Tanjeem Azad

BA (Hons) (University of Calgary); MSc (UVIC); Ph.D (UVIC); Post-Doctoral Research Scholar (Kent State University)
Tanjeem 2023
Surrey Office: 2881-05

Courses taught

  • PSYC 1200: Introduction to Psychology - Areas and Applications

Areas of Interest

I am interested in the scientific study of people’s memories for past events and experiences. To date, my research has examined factors that influence how we misremember past events in applied situations, such as eyewitness testimony. One factor that I have been exploring is the consequences of false denials on memories. If you can clearly recollect a past experience but later are incorrectly informed that the experience did not occur, how does that affect your belief and memory about the experience? I am also collaborating with research scholars around the world to investigate various memory phenomenon, e.g., with colleagues in the United States to examine how non-probative photographs may affect people’s beliefs regarding health claims about COVID-19; with colleagues in the Netherlands to examine various therapeutic practices that may give rise to erroneous beliefs in repressed memories; and, with colleagues in New Zealand to examine the monetary values of memory.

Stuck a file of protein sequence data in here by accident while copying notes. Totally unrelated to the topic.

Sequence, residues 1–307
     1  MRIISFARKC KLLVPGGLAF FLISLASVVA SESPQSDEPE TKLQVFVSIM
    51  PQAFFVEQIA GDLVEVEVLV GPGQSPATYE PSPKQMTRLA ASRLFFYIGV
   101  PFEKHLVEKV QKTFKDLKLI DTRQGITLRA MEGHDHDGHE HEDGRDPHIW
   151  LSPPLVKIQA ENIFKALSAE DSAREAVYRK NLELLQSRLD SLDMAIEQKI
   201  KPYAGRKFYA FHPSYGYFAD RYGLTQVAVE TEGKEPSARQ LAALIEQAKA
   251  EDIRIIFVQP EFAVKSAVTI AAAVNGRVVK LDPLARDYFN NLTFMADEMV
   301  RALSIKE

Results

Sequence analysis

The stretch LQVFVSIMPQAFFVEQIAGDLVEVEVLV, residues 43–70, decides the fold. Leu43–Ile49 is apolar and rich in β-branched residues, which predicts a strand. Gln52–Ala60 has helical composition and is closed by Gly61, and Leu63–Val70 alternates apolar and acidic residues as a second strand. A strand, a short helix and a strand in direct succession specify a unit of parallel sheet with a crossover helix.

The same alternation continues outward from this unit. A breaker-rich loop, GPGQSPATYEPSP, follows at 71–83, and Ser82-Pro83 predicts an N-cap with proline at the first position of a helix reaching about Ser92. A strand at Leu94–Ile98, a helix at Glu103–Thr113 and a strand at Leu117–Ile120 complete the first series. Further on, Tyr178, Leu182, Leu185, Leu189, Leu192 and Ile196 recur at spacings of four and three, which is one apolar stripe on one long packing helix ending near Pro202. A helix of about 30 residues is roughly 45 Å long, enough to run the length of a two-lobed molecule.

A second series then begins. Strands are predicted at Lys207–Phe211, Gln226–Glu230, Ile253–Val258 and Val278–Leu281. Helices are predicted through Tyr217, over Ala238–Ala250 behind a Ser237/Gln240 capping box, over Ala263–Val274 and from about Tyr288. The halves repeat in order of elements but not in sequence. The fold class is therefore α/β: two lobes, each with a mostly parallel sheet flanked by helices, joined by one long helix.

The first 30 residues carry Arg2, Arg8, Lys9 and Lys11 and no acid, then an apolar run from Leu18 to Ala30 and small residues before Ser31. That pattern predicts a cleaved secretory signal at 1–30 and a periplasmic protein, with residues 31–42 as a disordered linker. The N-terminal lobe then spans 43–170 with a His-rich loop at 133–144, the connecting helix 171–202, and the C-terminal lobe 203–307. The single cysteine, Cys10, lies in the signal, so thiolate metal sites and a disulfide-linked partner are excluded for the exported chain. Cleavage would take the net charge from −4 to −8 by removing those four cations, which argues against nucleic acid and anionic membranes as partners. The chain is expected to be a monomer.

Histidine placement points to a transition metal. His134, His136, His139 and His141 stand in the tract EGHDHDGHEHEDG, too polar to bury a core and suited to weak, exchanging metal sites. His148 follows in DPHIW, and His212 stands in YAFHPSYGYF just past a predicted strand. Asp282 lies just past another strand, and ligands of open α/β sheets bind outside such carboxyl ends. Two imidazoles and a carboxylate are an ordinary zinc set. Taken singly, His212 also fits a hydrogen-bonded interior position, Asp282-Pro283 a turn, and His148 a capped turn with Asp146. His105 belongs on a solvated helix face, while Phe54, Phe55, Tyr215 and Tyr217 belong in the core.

I am interested in supervising honours students!

Scholarly Work

  • Azad, T., Lindsay, D. S, & Zaragoza, M. (2020). Can misleading suggestions lead people to not report event details they actually saw? Journal of General Psychology, 149, 349-270.
  • Newman, E, Azad, T., Lindsay, D. S., & Garry, M. (2018). Evidence that photos promote rose-coloured truthiness for claims about the future. Memory & Cognition, 1-11.
  • Scoboria, A., Wade, K., Lindsay, D. S., Azad, T., Strange, D., Hyman, I., & Ost, J. (2017). Recoding and reanalyzing memory reports from eight previously published false memory studies. Memory, 25, 146-163.
  • Bodner, G. E., Huff, M. J., Lamontagne, R. W., & Azad, T. (2017). Getting at the source of distinctive encoding effects in the DRM paradigm: Evidence from signal-detection measures and source judgments. Memory, 25, 647-655